Tuesday, January 24, 2012

Original Sydney Burial Site

The first burials of Europeans after 1788 in Sydney took place near the shore presumably near the hospital in George Street. It is only conjecture but Ruth Park makes a good case for the area shown in the photo.

Looking from Campbell’s Cove.
“Pause a moment and look towards the west. Somewhere here, between Metcalfe Bond and Gloucester Walk is the probable site of Sydney’s first graveyard. This place at the Rocks in all likelihood was Sydney’s first graveyard, where some of the sick of the First Fleet, for whose care Captain Phillip hurried up his portable canvas hospital, found their lonely resting place. Others say that the first dead were buried up close to the ridge, where Harrington Street now is, but it seems unlikely that graves were dug in so rocky and so precipitous a place. Here, in a patch of sandy earth, in this bay so like hundreds of others still around Sydney, a cranny of glistening cutty-grass and sparkling sea, a bay convenient to the hospital and yet some distance from the marine and convict camps - here they surely laid the forty-one exiles, including ten children , who died in the settlement’s first five months.”
Ruth Park

Part of Taphophile Tragic's to view the others click here.


  1. I didn't know that about this Rocks site.

  2. I am sure many relics and artifacts... and bodies have been found during the building up of the waterfront area. To think these first arrivals never had a chance to enjoy (or make the best of) their new home.

  3. There is a lot of sad history pertaining to the early days of colonisation of Australia and this is a case in point. Interesting post!

  4. The graveyard that could be! The fact that Ruth Park set her "Playing Beatie Bow" in The Rocks area with this history makes the novel even more beautifully eerie! Great photo of this corner of the Harbour!

  5. They had so many hardships in the previous centuries! Lucky to be alive right now:) That's a very impressive bridge!

  6. It's times like this that I realize the history of Sydney goes a long way back from the colonization of South Aust.

  7. You'd think building excavations would have revealed some evidence to support this theory. It's sad to me that this first graveyard has been lost.

  8. Hadn't really thought about where the original cemeteries were.

  9. mmm ... not convinced. Peter. RP does express herself equivocally, you must agree. The original tented hospital is considerably to the left of the B&W photo you have led with in your post today. Much of Dawes Point itself was covered with fortifications and canon even from the single digit years of the colony.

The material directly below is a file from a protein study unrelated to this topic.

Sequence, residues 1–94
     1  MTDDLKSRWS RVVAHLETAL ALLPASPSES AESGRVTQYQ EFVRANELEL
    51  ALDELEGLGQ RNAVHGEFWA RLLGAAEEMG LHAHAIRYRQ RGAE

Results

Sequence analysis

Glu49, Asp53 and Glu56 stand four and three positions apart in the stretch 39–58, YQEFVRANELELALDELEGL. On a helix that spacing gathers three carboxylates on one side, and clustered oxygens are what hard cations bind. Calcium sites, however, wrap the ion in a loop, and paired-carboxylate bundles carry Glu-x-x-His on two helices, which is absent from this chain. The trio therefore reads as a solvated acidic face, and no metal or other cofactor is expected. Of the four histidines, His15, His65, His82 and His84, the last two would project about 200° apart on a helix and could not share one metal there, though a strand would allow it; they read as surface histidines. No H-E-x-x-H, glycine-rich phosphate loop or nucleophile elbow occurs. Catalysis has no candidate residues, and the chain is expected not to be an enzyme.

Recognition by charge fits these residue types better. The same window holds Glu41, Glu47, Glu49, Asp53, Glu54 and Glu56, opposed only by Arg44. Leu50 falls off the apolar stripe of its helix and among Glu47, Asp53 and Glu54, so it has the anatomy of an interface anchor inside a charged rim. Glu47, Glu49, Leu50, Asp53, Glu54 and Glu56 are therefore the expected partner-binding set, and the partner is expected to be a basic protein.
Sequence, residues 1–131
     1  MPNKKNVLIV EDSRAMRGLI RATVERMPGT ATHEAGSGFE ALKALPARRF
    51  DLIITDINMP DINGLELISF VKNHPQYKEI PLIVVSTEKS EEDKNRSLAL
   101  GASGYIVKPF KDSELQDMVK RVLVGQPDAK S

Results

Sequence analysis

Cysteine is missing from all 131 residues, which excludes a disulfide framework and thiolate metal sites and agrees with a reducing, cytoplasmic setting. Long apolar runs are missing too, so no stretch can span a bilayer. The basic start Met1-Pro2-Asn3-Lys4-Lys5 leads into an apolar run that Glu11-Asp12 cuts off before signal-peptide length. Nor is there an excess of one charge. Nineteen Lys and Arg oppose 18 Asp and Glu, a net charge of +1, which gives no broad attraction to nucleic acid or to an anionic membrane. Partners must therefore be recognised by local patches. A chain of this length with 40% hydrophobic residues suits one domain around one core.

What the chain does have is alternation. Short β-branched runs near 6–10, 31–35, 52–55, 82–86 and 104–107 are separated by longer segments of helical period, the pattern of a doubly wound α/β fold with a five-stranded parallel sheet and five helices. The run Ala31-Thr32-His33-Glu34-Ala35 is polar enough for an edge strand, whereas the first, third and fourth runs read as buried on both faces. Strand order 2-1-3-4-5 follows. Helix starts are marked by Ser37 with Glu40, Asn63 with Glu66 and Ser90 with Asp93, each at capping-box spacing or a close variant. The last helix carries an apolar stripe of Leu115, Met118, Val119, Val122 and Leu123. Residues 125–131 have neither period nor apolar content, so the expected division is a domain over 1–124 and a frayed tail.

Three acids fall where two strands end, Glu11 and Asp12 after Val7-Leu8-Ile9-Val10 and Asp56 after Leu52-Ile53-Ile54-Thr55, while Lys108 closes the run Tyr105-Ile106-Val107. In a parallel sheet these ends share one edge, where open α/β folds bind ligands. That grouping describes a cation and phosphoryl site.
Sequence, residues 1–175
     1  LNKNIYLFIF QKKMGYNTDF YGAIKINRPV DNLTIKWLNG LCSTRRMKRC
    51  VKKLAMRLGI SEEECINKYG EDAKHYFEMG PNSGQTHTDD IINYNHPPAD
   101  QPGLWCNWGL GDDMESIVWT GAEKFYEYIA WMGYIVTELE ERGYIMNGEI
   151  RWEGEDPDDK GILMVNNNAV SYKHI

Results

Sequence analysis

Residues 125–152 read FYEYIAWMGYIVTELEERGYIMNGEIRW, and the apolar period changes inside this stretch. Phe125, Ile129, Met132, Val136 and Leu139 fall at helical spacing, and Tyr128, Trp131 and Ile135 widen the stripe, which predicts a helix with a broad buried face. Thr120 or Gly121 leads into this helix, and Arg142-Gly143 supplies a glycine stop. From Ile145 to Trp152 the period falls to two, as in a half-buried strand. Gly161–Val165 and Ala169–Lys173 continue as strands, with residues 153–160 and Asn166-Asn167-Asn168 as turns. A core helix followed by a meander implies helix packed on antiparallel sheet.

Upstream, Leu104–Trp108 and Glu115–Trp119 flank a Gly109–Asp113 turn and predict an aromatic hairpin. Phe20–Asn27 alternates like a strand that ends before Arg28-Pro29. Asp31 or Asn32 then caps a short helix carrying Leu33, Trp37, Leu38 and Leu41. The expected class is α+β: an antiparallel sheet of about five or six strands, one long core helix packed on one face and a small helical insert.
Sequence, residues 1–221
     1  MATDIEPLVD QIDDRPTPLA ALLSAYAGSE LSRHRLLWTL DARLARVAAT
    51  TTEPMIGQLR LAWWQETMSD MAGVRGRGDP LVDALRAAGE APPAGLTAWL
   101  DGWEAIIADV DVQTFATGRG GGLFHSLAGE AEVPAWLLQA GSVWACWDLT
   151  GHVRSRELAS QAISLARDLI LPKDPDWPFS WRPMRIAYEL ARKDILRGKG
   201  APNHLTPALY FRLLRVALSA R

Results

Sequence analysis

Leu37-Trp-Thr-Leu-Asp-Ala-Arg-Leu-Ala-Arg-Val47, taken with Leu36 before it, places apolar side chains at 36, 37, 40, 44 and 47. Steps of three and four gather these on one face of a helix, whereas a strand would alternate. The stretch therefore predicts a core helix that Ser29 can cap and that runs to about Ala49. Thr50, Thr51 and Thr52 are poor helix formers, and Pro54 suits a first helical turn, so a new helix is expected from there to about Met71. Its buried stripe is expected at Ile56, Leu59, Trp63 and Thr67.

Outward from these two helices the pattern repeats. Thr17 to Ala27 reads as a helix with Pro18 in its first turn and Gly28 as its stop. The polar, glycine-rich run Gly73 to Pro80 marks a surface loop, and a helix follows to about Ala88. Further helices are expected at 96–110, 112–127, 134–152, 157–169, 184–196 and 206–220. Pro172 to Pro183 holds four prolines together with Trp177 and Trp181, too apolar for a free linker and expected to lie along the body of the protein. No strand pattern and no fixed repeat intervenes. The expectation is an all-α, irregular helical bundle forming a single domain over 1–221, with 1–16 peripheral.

From my readings, the people who died in the very early years were pretty much buried anywhere. Phillip tried to recommend 5 specific sites, but he was ignored. Remember, we are talking about colonists (and convicts) who died from 17788 to 1792 when the Old Burial Ground was proclaimed on what is now the site of the Town Hall. So four years worth of deaths.

    The first gallows was close to the intersection of Essex and George and they were interred on that spot - halfway between the gaol and the military barracks at Wynyard. I am going into this issue further with a historian on early Sydney, so will let you know if there is anything more definitive available.

    Golly I am pleased you posted this. There is nothing I like more than a historical mystery. Yes there is. A historical mystery about burials. Much appreciated.

  10. Me again ...

    P. 71 Karskens, 'The Colony', states that 'the dead were buried on the slopes south of the military encampment. The military were encamped about where the Cahill Expressway intersects with George St, making the burials about on the area referred to as Church Hill.

    Stay tuned ...

  11. always thought the first one was where the Town Hall is now. Very interesting.

  12. Peter & Ann: Here is the timeline:
    1788-1792 burials 'somewhere' in The Rocks
    1792-1820 burials at the current Town Hall site
    1820-1901 burials at Sandhills Cemetery aka Devonshire St Cemetery (plus by this stage, other cemeteries around the greater city)
    1901 Devonshire St Cemetery closed for the construction of Central Station and bodies and grave markers moved to a range of other cemeteries.

    Karskens, who I quoted earlier, is a lecturer on the early colony at UNSW. Her book is wonderful, and to hear her speak is engrossing.

    I asked Cathy Dunn from Australian History Research and she directed me to an audio file by Dr Lisa Murray on the City of Sydney site http://www.cityofsydney.nsw.gov.au/aboutsydney/historyandarchives/media/Lisa-Murray.mp3

    According to the very opening of this talk, there were three sites for burials between 1788 and 1792: Dawes Point for mariners and seamen; The Rocks near the canvas hospital; and, behind the military barracks in what is now Clarence St at the back of Wynyard. This last one, roughly corresponds to Karskens site.

    My guess is that these bodies are still in the ground, but perhaps washed away to some extent.


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